1. Simply pour the passata and water into a large jug or bowl, and stir in the sugar, salt and pepper, whisking it all together.

To make up the cheese layer

  1. In a separate bowl beat the goat’s cheese and ricotta with the eggs, nutmeg, and salt and pepper to taste.
  2. Preheat the oven to 200°C/180°C Fan/gas mark 6/400°F, slipping in a baking sheet as you do.
  3. To assemble the lasagne, begin by putting 500ml / 2 cups of the cold tomato sauce in the bottom of a roasting tin (measuring approx. 36cm x 26cm x 6cm / 14 x 10 x 2 1/2 inches).
  4. Then layer with a third of the lasagne sheets, overlapping them well (Italians do it with the tin horizontal but the pasta vertical, if that makes sense, but I don't know that it truly matters...). Leave the rest of the tomato sauce aside for the time being.
  5. Layer a third of the pumpkin filling over the lasagne, and dollop on a third of the cheese mixture, coaxing with a rubber spatula. It won't cover completely; think more of spreading blobs out. Then start again with a layer of lasagne, followed by pumpkin, then the cheese. Repeat once more - lasagne, pumpkin, and the last of the cheese mixture.
  6. Pour the remaining cold tomato sauce over, letting it sink down and be absorbed in the layers.
  7. Slice and chop the mozzarella balls and dot over the top.
  8. Cook in the oven, on the baking sheet, for 1 hour. Once cooked, take out of the oven and let it stand for 15 - 30 minutes to make cutting and serving easier. (I love this when it's stood for an hour or so, too.) As you cut and slice, you will notice a shallow tomatoey cheesey pool at the bottom of the tin; bread dunked into this is gorgeous.
  9. Sprinkle the toasted pine nuts over the lasagne, and cut into squares to serve.

Additional Information

I use a soft goat's cheese log, sold as Chevrissime blanc, that has no skin and a texture more like that of a goat's curd cheese.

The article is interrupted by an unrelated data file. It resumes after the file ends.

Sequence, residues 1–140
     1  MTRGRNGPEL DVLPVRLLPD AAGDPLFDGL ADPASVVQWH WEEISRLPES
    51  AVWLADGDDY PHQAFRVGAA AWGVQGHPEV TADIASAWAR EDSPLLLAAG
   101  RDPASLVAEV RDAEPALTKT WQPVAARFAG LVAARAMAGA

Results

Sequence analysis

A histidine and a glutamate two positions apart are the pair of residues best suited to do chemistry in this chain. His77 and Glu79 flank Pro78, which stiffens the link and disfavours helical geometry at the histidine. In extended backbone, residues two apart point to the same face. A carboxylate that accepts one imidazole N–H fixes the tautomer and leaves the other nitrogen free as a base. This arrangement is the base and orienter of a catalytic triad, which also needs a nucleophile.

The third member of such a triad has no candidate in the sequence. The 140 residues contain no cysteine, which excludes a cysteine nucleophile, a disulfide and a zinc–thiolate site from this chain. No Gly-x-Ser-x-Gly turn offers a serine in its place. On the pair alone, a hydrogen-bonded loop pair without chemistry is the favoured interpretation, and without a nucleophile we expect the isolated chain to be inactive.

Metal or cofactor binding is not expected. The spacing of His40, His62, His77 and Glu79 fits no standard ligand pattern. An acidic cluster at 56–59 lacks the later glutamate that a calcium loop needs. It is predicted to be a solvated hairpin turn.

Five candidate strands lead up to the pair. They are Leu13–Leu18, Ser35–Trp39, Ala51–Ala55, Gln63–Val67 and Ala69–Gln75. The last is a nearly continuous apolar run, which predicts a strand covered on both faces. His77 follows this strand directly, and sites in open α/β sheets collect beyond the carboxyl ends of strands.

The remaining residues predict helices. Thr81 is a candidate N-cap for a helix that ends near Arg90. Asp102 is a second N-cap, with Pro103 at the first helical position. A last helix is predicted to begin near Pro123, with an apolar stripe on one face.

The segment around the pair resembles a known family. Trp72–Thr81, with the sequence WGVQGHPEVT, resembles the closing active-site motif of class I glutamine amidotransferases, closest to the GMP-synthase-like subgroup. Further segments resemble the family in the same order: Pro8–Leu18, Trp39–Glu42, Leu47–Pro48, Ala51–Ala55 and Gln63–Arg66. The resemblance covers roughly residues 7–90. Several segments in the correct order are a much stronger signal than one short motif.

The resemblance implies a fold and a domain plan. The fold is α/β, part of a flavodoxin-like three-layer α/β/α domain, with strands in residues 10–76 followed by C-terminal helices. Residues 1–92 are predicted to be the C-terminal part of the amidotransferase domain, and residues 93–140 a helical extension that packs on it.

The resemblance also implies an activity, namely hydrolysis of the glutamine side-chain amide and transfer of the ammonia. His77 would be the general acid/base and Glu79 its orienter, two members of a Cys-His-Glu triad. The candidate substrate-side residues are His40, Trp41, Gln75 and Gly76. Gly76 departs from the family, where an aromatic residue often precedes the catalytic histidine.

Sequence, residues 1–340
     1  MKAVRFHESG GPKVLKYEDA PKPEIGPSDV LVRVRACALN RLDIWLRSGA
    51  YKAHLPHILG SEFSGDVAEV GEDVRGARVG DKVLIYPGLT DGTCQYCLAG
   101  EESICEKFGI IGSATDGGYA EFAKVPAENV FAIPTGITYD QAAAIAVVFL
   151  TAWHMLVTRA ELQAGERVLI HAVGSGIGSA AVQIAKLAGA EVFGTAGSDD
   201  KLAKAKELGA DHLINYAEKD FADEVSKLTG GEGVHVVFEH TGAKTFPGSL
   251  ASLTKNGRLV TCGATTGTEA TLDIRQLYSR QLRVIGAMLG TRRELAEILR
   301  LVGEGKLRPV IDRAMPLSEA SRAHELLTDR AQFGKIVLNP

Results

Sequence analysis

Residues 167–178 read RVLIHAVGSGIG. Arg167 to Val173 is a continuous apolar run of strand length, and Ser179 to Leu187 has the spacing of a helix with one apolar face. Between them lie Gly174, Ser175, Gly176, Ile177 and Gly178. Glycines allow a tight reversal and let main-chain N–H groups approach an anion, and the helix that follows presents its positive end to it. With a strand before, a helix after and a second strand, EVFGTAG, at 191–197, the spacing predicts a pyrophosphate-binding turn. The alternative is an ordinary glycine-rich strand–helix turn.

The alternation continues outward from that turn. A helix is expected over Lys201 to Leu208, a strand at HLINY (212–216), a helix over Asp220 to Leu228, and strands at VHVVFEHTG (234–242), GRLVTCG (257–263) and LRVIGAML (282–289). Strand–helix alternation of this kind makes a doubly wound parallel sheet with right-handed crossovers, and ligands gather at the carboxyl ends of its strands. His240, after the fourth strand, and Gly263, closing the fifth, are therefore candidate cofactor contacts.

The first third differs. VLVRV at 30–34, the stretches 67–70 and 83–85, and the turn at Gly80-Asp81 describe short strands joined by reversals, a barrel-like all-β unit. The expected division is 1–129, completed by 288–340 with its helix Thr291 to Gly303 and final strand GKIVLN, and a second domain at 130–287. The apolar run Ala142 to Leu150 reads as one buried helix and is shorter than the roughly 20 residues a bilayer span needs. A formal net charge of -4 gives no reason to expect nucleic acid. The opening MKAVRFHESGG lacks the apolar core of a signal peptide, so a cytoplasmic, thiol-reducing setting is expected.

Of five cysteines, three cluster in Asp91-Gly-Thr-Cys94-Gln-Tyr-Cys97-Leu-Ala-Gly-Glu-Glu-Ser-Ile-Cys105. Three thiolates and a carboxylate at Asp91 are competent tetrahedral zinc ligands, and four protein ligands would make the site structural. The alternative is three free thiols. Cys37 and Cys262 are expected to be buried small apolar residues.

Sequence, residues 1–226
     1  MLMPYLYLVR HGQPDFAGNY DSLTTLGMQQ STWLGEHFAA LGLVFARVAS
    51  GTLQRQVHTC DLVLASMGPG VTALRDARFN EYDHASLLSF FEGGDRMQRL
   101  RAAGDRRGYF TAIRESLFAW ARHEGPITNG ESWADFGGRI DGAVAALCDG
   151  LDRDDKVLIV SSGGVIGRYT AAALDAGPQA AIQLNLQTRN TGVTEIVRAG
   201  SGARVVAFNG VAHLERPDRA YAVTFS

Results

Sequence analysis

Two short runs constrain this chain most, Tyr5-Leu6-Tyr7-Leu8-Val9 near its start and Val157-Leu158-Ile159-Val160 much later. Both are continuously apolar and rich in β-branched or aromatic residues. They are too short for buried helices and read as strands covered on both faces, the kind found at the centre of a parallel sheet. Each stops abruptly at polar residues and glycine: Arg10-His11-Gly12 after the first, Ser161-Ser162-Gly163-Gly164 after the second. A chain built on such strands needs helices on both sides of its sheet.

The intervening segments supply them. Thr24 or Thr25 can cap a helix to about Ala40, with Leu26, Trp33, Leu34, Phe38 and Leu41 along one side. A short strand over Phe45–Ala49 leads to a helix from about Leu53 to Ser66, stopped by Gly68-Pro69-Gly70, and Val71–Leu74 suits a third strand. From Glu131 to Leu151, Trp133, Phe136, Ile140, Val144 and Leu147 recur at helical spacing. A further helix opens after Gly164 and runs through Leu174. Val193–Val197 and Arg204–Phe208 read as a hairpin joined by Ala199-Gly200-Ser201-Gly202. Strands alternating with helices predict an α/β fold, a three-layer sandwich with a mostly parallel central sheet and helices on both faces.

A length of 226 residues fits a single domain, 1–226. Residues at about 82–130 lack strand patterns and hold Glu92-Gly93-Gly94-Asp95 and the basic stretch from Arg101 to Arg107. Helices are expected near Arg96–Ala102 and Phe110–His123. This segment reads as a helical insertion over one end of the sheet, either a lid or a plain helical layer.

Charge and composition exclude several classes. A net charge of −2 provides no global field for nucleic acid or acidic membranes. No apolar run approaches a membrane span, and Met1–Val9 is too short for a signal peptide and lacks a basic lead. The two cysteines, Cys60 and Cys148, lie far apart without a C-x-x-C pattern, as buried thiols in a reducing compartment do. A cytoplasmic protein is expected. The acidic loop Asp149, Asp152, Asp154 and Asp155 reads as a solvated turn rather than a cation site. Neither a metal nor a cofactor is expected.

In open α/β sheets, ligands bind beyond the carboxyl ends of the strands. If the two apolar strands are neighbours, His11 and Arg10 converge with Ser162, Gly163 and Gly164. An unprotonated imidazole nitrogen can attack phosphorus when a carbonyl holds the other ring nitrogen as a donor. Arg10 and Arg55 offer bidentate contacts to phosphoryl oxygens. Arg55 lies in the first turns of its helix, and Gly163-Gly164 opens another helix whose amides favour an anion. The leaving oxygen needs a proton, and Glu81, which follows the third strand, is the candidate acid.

MAKE AHEAD NOTE

Up to 2 days ahead, make the pumpkin filling, leave to cool and keep, covered, in the fridge. Make the cheese layer and keep, covered, in the fridge. When ready to use, assemble the lasagne and cook as directed.

FREEZE NOTE

Cook, cool and freeze the cooked pumpkin for up to 1 week. Thaw overnight in the fridge. When ready to use, assemble the lasagne and cook as directed.

I use a soft goat's cheese log, sold as Chevrissime blanc, that has no skin and a texture more like that of a goat's curd cheese.

MAKE AHEAD NOTE

Up to 2 days ahead, make the pumpkin filling, leave to cool and keep, covered, in the fridge. Make the cheese layer and keep, covered, in the fridge. When ready to use, assemble the lasagne and cook as directed.

FREEZE NOTE

Cook, cool and freeze the cooked pumpkin for up to 1 week. Thaw overnight in the fridge. When ready to use, assemble the lasagne and cook as directed.

Tell us what you think

What 3 Others have said

  • So long to prepare. So many bowls and dishes. So entirely worth it!

    Posted by Mikael on 22nd August 2018
  • I tried this delicious and easy to follow recipe last weekend and it was a real success amongst my guests!

    Posted by Didine on 3rd November 2017
  • This looks so good! I love pumpkin and goat's cheese but never thought about putting those together. Definitely trying this recipe.

    Posted by WenBee on 28th October 2017